As a Calgarian and local business owner, I’ve become increasingly concerned with the role that business interests are playing in our upcoming municipal election.
I am proud to operate a national business with its head office in Calgary. I acknowledge the importance of a thriving business community. I am very concerned that special interest groups, including some members of the business community, believe we should make political decisions for their benefit to the detriment of the public good. This must be recognized and prevented.
The classic conservative argument of incentivizing business activity to provide employment and facilitate economic activity is one I fully support.
For decades, Alberta has stood as one of the most business friendly jurisdictions in Canada, and Calgary has reaped the benefits, housing the second most corporate head offices in the country. This has attracted some of the best and brightest to Calgary and changed our city from a humble Cowtown to a cosmopolitan metropolitan centre.
Many of us have benefitted greatly from the business friendly nature of this province and this city – myself included. However, we cannot move from business friendly to business fixated.
Business activity benefits our city, drives employment and contributes tax income. But it can also cost our city when it runs unchecked by the public interest. For example, take the issue of urban sprawl. While home builders employ hundreds of tradespeople and buy thousands of dollars of materials, the city is left continually having to build new infrastructure to service new communities as well as extend essential services such as policing and fire protection.
As Calgary continues to stretch outwards, the economic benefits slowly become outstripped by the added cost upon city expenditures. The city has wisely looked to contain sprawl and focus more on the densification of the inner city, better leveraging existing infrastructure while still providing new homes and amenities for Calgarians.
Our municipal government’s job is to protect the interest of the city and its citizens – not those of special interests and business. When we start to believe that the financial interests of business come ahead of the interests of the community, we are diminishing our values and choosing corporate profit over people.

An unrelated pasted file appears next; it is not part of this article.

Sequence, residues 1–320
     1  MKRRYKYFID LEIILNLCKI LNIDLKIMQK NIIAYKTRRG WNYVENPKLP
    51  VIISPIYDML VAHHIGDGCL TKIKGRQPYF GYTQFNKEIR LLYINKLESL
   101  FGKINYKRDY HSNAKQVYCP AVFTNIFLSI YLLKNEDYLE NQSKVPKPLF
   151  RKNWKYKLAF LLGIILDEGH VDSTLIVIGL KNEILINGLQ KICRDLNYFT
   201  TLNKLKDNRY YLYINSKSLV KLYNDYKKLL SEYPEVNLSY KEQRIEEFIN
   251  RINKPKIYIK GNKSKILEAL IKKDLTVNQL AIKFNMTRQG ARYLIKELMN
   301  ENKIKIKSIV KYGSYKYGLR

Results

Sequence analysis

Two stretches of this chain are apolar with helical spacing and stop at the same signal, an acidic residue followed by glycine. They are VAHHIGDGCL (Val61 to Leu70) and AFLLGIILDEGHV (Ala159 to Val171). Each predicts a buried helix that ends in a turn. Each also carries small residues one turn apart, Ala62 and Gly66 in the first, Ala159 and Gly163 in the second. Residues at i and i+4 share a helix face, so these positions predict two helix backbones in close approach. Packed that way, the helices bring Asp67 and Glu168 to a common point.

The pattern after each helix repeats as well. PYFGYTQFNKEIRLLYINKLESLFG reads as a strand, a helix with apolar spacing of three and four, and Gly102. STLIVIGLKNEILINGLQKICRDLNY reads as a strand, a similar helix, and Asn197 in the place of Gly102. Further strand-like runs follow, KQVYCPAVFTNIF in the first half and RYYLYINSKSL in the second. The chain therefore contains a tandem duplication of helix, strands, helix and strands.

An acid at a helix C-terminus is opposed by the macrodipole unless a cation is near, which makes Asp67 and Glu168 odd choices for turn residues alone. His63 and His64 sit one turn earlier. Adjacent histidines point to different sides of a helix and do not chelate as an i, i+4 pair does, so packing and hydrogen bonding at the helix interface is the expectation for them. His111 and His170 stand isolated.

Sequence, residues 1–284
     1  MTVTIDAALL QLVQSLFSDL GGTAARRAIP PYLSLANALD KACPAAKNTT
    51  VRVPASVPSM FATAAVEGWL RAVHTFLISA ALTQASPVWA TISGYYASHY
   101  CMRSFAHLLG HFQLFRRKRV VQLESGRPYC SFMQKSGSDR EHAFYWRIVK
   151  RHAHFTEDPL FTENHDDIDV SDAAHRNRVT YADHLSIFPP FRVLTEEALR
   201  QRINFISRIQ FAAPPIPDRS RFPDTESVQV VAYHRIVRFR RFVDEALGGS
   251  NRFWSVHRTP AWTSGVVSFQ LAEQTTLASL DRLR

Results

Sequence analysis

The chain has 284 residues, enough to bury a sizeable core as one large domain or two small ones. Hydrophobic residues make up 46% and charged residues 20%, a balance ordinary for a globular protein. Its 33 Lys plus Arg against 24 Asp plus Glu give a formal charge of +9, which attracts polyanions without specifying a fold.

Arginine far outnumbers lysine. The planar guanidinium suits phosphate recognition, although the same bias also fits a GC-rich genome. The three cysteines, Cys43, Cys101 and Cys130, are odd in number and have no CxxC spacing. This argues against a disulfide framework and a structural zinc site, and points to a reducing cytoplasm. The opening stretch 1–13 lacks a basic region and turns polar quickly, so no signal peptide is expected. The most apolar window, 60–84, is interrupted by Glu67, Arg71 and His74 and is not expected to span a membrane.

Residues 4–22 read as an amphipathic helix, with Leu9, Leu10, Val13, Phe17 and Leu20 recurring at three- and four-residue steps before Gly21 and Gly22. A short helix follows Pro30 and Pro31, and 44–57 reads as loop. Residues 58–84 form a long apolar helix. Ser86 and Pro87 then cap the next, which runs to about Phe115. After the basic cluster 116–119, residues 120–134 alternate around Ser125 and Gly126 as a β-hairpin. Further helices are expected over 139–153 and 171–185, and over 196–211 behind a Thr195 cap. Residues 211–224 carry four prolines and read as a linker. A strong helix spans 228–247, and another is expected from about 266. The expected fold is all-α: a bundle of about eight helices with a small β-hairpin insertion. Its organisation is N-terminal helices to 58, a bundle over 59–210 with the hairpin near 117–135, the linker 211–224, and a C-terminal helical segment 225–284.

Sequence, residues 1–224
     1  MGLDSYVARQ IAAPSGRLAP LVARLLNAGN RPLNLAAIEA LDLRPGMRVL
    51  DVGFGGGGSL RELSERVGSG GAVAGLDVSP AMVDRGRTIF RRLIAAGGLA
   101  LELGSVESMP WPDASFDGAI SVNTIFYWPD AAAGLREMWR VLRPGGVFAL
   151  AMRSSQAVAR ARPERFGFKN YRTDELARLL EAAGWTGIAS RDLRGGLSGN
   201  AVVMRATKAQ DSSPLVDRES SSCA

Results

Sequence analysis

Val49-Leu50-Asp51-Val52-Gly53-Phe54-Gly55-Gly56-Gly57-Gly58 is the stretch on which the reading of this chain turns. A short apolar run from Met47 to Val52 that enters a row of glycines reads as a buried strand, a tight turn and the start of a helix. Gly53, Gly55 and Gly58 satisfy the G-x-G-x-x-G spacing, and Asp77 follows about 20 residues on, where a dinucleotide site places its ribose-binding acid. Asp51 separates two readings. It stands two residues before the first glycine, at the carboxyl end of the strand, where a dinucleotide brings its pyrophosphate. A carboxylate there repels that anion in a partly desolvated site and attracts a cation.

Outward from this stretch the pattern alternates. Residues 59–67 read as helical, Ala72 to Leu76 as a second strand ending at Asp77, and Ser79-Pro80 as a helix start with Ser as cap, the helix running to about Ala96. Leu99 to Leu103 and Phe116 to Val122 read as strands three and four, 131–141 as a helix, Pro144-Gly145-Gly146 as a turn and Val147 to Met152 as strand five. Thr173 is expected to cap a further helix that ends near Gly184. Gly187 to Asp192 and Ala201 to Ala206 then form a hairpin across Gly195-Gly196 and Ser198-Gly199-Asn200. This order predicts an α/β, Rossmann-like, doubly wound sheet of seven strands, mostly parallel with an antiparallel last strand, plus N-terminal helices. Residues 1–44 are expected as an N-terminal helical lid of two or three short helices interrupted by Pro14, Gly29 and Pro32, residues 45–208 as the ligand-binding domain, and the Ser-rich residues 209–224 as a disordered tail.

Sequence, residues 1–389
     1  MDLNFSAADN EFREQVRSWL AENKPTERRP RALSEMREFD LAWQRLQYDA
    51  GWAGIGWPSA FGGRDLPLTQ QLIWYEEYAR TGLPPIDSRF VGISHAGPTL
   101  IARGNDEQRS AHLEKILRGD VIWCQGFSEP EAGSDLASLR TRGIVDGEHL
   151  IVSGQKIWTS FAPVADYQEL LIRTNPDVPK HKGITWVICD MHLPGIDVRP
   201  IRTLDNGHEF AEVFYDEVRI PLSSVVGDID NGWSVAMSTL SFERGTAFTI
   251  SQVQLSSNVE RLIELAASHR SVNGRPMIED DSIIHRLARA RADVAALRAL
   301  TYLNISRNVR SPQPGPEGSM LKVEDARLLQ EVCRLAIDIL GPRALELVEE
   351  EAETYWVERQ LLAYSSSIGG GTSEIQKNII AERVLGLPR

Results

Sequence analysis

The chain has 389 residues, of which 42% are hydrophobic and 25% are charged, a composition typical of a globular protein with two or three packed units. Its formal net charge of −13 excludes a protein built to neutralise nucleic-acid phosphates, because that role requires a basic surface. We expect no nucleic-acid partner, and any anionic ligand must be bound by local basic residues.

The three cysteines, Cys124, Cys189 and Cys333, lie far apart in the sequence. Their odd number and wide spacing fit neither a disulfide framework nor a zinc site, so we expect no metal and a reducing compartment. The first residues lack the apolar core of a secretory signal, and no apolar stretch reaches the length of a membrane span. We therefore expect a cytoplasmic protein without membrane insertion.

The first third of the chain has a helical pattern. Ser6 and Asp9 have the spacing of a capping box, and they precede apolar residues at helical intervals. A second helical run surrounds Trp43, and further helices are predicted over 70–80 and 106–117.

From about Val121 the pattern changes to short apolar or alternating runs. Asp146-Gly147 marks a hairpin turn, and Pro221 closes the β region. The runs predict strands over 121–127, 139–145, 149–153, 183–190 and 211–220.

Yes, Calgary has a strong business community and we are an entrepreneurial city. We should not undermine the greater common good for the sake of appeasing the business community.
The vast majority of the Calgary business community understands that their businesses thrive when their city thrives – not just economically, but socially and culturally. They see community assets like our New Central Library or the growth of the East Village as key pieces of a vibrant community that attracts incredible people to our city to seek employment and raise their family.
They understand that this is an incredible place to do business because of what we are, rather than how many dollars they can squeeze from the government in property tax relief or corporate handouts. They understand that they are part of this city and, as much as they benefit from being here, they are also ready to do their part.
The notion that the current mayor and council is not business friendly is simply incorrect. The responsibility of our politicians is to ensure that advocacy by special interest groups does not adversely impact the public good. The current mayor and council have done an admirable job of protecting the common good and ensuring that special interest groups do not overtake the public agenda.
When Calgarians head to the polls next week, I hope that they remember what we have built together over the last several years – Calgarians (both those who own businesses and those who don’t) and government. We have seen our city grow, evolve and become one of the greatest cities in Canada through smart planning, progressive thinking and, most of all, putting the needs of our people first. That, after all, is what a democracy is all about.
Read the Calgary Herald article here.